What do sewing, ringing doorbells and jumping off stairwells have in common with CommCare?
These winning metaphors were essential in our latest training of community health workers in Kaushambi, Uttar Pradesh.
A hopeful group of trainers waited as we started with the first metaphor on day one of CommCare training. We had spent a significant portion during the Training of Trainers to brainstorm local metaphors for technical concepts that the ASHAs will have to learn to understand navigation in CommCare and the phone. The evening before, we revised some of the metaphors and came up with even better ones. Holding our breath, we tested the first one.
Open CommCare. CommCare Login Screen. ‘Login’ and ‘demo’ mean nothing to the ASHAs. In our current UI we’ve transliterated the English words because we couldn’t find appropriate Hindi alternatives. We’re considering some options now. But until we update the strings, we decided to talk about sewing to explain the difference between working in demo-mode and login-mode.
Demo-mode should be used when we are learning or training, not when we are doing our real work in the field. For example, when we learn how to stitch and sew for the first time, we do not start sewing on the expensive cloth to begin with, we start with making stitches on paper.
This made sense to the ASHAs right away! There was general agreement and some giggles in the crowd.
It is ok if we make mistakes on paper, because we can undo the mistakes and throw away the paper. We do not get paid for the work we do on paper. It is only a sample.
Now for the login-mode.
When we enter our passwords and work in login-mode, this is like working on the real garment, the expensive cloth. We should it do it right. We have already practiced on paper. If we make small mistakes there are ways we can correct those, but we should avoid making big mistakes. We should not practice on the cloth.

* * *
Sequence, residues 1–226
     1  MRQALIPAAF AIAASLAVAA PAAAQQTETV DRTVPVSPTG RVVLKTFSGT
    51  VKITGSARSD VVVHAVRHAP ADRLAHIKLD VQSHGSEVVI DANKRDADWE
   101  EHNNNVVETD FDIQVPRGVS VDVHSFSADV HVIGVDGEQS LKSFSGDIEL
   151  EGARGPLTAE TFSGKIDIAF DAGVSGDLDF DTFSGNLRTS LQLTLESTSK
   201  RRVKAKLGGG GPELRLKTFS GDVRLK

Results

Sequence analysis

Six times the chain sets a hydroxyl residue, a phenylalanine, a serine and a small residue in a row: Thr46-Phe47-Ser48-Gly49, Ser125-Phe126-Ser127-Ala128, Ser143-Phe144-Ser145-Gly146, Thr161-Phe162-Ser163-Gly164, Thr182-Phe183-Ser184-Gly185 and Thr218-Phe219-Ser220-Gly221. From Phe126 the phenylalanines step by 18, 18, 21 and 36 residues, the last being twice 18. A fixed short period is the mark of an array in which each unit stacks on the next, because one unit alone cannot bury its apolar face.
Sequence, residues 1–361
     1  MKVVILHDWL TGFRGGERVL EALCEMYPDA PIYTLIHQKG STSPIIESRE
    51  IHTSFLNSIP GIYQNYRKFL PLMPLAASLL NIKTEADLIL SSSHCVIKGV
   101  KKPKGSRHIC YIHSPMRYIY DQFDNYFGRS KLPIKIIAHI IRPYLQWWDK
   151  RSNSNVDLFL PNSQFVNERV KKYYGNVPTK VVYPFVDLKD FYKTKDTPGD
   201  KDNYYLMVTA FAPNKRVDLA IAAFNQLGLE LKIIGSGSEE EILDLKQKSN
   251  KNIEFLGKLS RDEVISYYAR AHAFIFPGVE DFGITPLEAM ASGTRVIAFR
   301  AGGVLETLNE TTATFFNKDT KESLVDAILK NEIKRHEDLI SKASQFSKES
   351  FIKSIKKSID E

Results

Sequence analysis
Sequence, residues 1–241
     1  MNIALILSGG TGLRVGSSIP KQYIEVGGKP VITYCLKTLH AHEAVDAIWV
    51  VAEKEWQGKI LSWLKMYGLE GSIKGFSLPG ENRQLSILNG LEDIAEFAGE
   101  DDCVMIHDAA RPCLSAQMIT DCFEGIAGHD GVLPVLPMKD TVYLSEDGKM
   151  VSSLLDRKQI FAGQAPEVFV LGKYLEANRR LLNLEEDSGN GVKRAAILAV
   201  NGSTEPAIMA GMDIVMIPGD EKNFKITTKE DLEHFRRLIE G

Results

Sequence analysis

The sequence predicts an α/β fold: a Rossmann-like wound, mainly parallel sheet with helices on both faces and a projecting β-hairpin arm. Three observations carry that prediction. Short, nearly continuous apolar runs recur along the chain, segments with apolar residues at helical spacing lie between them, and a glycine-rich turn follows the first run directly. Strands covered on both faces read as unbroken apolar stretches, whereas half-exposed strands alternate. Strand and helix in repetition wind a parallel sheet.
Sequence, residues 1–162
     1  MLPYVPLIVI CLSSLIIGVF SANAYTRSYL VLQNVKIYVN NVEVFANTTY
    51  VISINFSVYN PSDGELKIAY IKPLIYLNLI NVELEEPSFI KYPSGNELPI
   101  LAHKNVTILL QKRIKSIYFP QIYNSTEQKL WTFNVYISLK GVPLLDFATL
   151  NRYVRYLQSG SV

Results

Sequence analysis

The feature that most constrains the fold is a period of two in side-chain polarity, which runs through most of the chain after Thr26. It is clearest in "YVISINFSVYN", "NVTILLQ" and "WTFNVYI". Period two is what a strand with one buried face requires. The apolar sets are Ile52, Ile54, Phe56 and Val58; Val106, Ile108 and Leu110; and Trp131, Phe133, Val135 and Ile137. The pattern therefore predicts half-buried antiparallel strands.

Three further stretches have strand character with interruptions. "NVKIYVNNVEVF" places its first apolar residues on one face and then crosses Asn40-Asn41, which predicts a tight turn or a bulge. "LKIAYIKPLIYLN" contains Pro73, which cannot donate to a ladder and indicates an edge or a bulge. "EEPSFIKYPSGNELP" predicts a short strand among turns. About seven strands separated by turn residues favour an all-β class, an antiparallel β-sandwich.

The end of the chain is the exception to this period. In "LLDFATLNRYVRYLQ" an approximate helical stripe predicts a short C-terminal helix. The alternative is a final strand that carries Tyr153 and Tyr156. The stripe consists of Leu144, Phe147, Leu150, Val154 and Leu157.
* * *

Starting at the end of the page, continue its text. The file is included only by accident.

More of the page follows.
Again, it made sense to the ASHAs. We felt this was a good metaphor and we used it at different points to reinforce the difference between working in demo for training only and logging in when make their home visits.
What about the concept of password? We have it displayed on the login screen as ‘code’, transliterated from the English word again for lack of a better word. We have ideas for improving these now.
For other trainings we compared the ‘code’ to an ATM pin that they would need to enter to withdraw cash. The trainers came up with a better metaphor that was more locally relevant – keys!
This screen is like a door to your office so you can begin your work. There is a lock on the door and you have to have to correct key to open it and start working.
We actually ended up using the metaphor of opening different doors in many places within the CommCare application and for phone menu navigation. So for example, navigating to the relevant menus like messages, applications, or media player were described as opening different doors in an office or hospital. One finds different services and tools in each office.
Select beneficiary in case list and view their details.